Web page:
Distance and Perception in the Wake of Climate Change

Tuesday, April 2, 2019 7:00 - 8:00pm

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Nautical Dusk. Colby College Museum of Art, 2018. Photograph by Gabe Souza.

In conjunction with her exhibition I Can Drink the Distance, a solo exhibition at the 41 Cooper Gallery, artist Torkwase Dyson will deliver a free, public lecture about her work in Cooper Union’s Great Hall on Tuesday, April 2 at 7pm. The lecture will be followed by a conversation with moderator Mario Gooden, as well as an opening reception in the 41 Cooper Gallery, located at 41 Cooper Square.

RSVP required. 

Dyson, the Spring 2019 Robert Gwathmey Chair in Architecture and Art, was born in Chicago, Illinois, and spent her developmental years between North Carolina and Mississippi. Traversing these regions helped her develop a fundamental sensitivity towards urban development, southern landscape, and black spatial justice. During her years at Tougaloo College, where she majored in sociology and double minored in social work and fine art, she began to examine the spatial dynamics of black history and how these histories were connected geographically. Over the next 10 years, Dyson traveled to Africa and South and Central America to strategize with communities of color on ways to attain resource equality. During this time she earned her Bachelor of Fine Arts in painting from Virginia Commonwealth University and her Master of Fine Arts in painting from the Yale School of Art. In 2016 Dyson designed and built Studio South Zero (SSZ), a solar-powered mobile studio where the context of nomadicity became the framework for learning and making art about the environment. It was traveling with SSZ that inspired her experimental project The Wynter-Wells Drawing School for Environmental Liberation, where she explores contemporary theorizations of space, architecture, and the infrastructure of extraction economies.

Though she works with multiple mediums, Torkwase Dyson describes herself as a painter who
uses distilled geometric abstraction to create an idiosyncratic language that is both diagrammatic and expressive. The works are deconstructions of natural and built environments that consider how individuals negotiate and negate various types of systems and spatial order. Dyson’s work has been exhibited at the Studio Museum in Harlem, the Whitney Museum of American Art, The Drawing Center, the Museum of Modern Art, the Corcoran College of Art and Design, the Schuylkill Center for Environmental Education, and the Smithsonian National Museum of African Art. Dyson has been awarded the Joan Mitchell Painters and Sculptors Grant, a Nancy Graves Grant for Visual Artists, the Lunder Institute of American Art Fellowship, the Spelman College Art Fellowship, a Brooklyn Arts Council grant, the Yale University Barry Cohen Scholarship, the Yale University Paul Harper Residency at Vermont Studio Center, the Culture Push Fellowship for Utopian Practices, a FSP/Jerome Fellowship, and a Yaddo residency. Dyson’s work has also been supported by Lower Manhattan Cultural Center, The Laundromat Projects, the Green Festival of New York, the Center for Documentary Studies at Duke University, the Mural Arts Program of Philadelphia, The Kitchen, and the Rebuild Foundation. In 2016 Dyson was elected to the board of The Architectural League of New York as Vice President of Visual Arts. Torkwase Dyson lives and works in Newburgh, New York and is a critic at the Yale School of Art.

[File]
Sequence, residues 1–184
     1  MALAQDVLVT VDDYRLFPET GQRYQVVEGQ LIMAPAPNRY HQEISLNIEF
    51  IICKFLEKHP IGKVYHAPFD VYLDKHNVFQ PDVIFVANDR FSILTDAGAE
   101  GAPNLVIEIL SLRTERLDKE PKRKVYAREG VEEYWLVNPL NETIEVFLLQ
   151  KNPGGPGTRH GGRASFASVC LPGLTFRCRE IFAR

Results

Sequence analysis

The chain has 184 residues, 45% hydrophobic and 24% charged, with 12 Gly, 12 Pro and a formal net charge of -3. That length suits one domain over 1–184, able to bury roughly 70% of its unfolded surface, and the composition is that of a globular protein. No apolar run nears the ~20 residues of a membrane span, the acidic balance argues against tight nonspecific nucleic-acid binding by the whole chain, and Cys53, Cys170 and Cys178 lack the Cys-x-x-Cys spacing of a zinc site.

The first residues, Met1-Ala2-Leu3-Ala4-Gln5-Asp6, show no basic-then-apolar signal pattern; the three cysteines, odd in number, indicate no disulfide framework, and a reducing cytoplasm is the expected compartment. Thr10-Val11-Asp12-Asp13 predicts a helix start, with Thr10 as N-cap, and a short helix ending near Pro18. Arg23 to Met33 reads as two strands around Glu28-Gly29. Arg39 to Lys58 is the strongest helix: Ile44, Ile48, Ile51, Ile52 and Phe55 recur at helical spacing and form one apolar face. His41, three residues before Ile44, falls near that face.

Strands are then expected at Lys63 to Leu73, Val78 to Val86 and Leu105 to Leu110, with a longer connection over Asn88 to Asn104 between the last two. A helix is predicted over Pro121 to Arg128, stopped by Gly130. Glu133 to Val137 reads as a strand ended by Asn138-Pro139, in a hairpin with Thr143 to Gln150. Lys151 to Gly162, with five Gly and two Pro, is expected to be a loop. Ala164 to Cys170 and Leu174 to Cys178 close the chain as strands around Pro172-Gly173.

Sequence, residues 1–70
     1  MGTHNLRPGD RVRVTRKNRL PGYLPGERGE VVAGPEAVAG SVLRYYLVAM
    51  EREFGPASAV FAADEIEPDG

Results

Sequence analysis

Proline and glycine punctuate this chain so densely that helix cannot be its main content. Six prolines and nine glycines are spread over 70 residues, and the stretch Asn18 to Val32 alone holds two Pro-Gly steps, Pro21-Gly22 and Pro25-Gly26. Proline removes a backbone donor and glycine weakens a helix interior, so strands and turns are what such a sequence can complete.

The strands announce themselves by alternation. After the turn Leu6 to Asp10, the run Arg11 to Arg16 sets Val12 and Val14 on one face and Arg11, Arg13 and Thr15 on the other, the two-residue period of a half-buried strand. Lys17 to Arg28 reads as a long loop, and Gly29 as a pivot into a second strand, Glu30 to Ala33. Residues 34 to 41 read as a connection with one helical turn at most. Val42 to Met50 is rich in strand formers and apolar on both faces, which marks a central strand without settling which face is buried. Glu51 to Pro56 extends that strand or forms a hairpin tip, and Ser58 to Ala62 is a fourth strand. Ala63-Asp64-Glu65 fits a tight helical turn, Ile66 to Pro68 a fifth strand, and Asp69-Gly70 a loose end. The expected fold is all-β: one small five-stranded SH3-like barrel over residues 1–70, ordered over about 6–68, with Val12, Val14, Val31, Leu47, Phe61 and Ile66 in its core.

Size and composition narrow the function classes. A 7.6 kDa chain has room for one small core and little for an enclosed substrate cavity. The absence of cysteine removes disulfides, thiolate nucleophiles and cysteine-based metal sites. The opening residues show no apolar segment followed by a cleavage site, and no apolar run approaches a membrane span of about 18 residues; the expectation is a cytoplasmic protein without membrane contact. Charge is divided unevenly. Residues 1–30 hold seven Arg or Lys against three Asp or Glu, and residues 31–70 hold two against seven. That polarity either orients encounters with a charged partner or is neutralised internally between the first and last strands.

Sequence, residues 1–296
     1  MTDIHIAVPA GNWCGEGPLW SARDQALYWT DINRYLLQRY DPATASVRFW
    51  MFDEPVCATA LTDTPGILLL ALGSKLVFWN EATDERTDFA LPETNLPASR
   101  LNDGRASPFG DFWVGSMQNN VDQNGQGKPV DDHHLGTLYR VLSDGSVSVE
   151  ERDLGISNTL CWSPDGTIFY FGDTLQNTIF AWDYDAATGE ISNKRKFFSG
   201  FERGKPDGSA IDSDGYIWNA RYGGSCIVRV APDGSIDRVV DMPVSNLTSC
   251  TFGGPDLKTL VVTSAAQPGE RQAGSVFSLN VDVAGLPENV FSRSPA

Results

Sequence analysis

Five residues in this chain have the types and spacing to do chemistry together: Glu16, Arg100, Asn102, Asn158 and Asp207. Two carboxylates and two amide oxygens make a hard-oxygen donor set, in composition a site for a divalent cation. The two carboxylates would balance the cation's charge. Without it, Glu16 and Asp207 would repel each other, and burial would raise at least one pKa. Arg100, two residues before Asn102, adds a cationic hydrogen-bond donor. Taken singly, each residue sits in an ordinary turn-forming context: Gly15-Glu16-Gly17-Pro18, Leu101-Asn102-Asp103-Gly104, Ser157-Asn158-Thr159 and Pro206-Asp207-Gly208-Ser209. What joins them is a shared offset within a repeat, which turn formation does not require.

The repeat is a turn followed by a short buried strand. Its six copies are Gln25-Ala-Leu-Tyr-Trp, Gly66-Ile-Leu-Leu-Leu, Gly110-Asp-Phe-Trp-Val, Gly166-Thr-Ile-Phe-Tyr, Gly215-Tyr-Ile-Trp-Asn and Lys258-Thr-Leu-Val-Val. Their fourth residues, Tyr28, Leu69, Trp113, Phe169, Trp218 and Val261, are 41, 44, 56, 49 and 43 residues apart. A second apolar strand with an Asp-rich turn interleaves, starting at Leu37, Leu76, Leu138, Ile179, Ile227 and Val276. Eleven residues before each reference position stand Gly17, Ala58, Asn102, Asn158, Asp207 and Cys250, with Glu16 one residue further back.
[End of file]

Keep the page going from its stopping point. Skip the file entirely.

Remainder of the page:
This lecture is co-sponsored with the School of Art and The Architectural League of New York.

The Robert Gwathmey Chair, a rotating professorship in art and architecture, was established by Charles Gwathmey in 1993, in honor of his father, Robert Gwathmey, a professor of art at Cooper Union from 1942 to 1968.


Located in The Great Hall, in the Foundation Building, 7 East 7th Street, between Third and Fourth Avenues

  • Founded by inventor, industrialist and philanthropist Peter Cooper in 1859, The Cooper Union for the Advancement of Science and Art offers education in art, architecture and engineering, as well as courses in the humanities and social sciences.

  • “My feelings, my desires, my hopes, embrace humanity throughout the world,” Peter Cooper proclaimed in a speech in 1853. He looked forward to a time when, “knowledge shall cover the earth as waters cover the great deep.”

  • From its beginnings, Cooper Union was a unique institution, dedicated to founder Peter Cooper's proposition that education is the key not only to personal prosperity but to civic virtue and harmony.

  • Peter Cooper wanted his graduates to acquire the technical mastery and entrepreneurial skills, enrich their intellects and spark their creativity, and develop a sense of social justice that would translate into action.